What an experience! The water was so low, that we had to walk half the way towing our canoe. At least we had a little less weight with only two bikes, but as we kept exiting and entering the canoe, we started filling the inside of the canoe with river water. The bailer came in handy when we had the time to use it, but it was really hard getting down the river to the take out. It took us a little over two and a half hours to get down the river and we arrived at the pull out about 8 ½ hours into the race. We had passed a team of three and were not too far behind the other team that started with us. It was approaching 4 pm and we were worried about making the cutoff at the rappel and ascend up at the Pulpit, but we were informed that even though we wouldn’t make the cut off for doing the full course, the Pulpit was going to remain open until 7pm.
So with somewhat brightened spirits and being very thankful to be off that rock filled trickle they called a river, we headed over to CP13 on our bikes using local roads. This was a nice easy ride with just a few hills and Lisa had definitely gotten her third wind as I struggled to keep up with her.
We arrived at CP13 and handed off our bikes to the race crew. We replenished our water one more time in preparation for the trek (walk) up cardiac hill. This thing was straight up and reminded me of doing the Bright Angle Trail in the Grand Canyon on our honeymoon some 17 years ago. We pushed on and before long, we were at the top and gearing up to do the rappel and ascend. The rappel was no problem, but I had a fun time coming back up. My ascend technique needs some work, but I man handled myself up and Lisa went down and up like a pro.
We could see what would been CP16 for us down the mountainside and were a little thankful that weren’t going down there. As we were finishing up the rock ride, we could hear thunder booming in the distance. As we were the last team to do the rappel, since the team behind us decided to call it quits after the canoe, the crew quickly dismantled their set up and closed down the CP.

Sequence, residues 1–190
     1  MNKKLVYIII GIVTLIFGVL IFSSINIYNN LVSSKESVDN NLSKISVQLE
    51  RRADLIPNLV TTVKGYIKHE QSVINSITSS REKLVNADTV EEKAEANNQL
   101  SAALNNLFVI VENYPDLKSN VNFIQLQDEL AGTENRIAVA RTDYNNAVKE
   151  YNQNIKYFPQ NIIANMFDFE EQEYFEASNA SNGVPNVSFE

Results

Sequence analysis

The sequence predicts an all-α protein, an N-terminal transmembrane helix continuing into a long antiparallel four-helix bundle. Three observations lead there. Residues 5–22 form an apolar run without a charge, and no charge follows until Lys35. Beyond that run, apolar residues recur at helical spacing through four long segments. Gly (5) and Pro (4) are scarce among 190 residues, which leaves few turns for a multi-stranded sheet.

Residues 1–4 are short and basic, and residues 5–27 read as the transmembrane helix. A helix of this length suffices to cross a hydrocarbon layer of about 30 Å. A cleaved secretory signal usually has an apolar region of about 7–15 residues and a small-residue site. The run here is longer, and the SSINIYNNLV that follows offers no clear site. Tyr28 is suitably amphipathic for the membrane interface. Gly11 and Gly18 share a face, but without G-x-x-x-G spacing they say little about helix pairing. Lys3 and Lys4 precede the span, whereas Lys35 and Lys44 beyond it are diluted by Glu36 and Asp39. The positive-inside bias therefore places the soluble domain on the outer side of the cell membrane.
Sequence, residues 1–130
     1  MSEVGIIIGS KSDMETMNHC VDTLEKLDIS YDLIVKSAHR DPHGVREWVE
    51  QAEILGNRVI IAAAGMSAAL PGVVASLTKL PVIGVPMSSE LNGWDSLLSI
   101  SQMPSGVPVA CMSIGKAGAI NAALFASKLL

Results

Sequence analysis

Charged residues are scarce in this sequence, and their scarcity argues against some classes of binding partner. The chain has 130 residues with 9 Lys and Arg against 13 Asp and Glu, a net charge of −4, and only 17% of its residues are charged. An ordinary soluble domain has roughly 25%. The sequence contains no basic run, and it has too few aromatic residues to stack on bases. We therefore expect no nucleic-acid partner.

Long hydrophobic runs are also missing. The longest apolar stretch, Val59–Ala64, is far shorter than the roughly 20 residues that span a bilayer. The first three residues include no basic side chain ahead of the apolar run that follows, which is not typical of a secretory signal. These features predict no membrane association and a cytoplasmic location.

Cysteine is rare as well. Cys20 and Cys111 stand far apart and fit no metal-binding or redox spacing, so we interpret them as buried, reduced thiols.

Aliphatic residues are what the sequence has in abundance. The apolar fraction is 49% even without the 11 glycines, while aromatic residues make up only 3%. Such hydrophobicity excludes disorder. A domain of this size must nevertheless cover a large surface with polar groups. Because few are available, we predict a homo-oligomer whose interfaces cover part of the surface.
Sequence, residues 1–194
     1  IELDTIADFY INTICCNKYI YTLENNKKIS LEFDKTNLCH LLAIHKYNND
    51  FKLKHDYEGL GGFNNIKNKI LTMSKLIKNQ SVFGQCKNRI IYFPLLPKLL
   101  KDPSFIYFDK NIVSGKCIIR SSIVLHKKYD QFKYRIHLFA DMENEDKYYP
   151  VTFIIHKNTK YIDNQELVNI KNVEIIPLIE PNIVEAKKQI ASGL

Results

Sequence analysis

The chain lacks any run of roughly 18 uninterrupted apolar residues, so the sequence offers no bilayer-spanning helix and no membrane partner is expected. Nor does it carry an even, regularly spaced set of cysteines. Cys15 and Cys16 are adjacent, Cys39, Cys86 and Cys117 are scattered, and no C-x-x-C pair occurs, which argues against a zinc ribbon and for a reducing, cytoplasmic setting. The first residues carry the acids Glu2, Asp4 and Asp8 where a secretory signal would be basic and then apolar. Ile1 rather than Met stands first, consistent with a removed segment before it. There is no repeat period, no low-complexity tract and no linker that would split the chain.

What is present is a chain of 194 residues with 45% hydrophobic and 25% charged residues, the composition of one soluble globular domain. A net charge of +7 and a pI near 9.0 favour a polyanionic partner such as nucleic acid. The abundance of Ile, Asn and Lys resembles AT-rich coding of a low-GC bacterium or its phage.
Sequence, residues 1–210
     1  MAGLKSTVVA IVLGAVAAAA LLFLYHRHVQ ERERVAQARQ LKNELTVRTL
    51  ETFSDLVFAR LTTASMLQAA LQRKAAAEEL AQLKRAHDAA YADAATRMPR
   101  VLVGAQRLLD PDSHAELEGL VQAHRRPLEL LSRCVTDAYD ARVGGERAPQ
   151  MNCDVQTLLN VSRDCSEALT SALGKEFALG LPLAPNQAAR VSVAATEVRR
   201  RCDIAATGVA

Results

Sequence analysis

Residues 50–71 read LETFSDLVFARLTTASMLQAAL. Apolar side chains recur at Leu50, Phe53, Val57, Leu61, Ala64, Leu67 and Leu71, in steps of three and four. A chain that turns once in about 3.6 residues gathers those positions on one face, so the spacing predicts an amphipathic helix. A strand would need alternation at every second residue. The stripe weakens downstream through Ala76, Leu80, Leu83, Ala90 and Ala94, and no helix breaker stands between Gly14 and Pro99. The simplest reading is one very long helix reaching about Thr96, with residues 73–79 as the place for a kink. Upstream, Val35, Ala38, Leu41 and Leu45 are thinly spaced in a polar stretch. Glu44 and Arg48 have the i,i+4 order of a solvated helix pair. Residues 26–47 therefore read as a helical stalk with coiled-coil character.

It was a little after 6 pm now. We had been racing for about 11 hours. We headed down the road again and cut over to a trail by the reservoir. The wind had kicked up and the thunder was closer and as we headed for the woods, you could see and hear the downpour approaching us. The rain swooped down the hillside and engulfed us. The cool rain actually felt nice as it refreshed us. We headed up the trail and headed towards the AT. We passed CP17 on the way and punched it for fun even though we were technically on an alternate course, which was taking us straight from CP 15 to the finish.
At the AT we took a short break after we crossed it and headed into the woods for the trip down the mountain. At first it seemed rather easy to follow the trampled trails of all the other teams that had come before us. This trail lasted about 100 meters or so and then was gone. At this point I took a very rough bearing from where we were to the finish and started following that bearing. I would find out that I had been VERY rough and should have taken the time to be a little more accurate. However as gravity was our actual bearing control, we headed down the side of the mountain, over slippery rocks, eating spider webs and their ugly surprises and getting eaten by horse flies every time we would stop to check the map.
After following the bearing for a while, it was starting to get dark. 7 pm came and went and we were still heading down hill. At this time I decided to start following the contour and forget the bearing. This turned out to be a good choice, as I started to get uneasy and upset that we may be missing the school and would eventually hit the road and have to back track some.
But luck would prevail as we were getting to almost flat terrain and I was following another imagined trail, I spotted a bit of plane wreckage that I remembered from our orienteering stage. At this point it was a breeze. We shuffled into the finish right around 8 pm. Just a little less than 13 hours total. With our time credit at CP11 our final race time was 12 hours and 34 minutes. We were listed as third place (out of four) in the 2-person co-ed division.
We scarfed down some luke warm hot dogs that tasted like heaven and headed back to our campsite for a restful sleep before heading back to Philly the next day.
This was a very nice race. Challenging, but doable, even for us slow folk. Great job Bill, Anne and the whole GOALS crew!
Team Not Dead Yet
Joe and Lisa Harold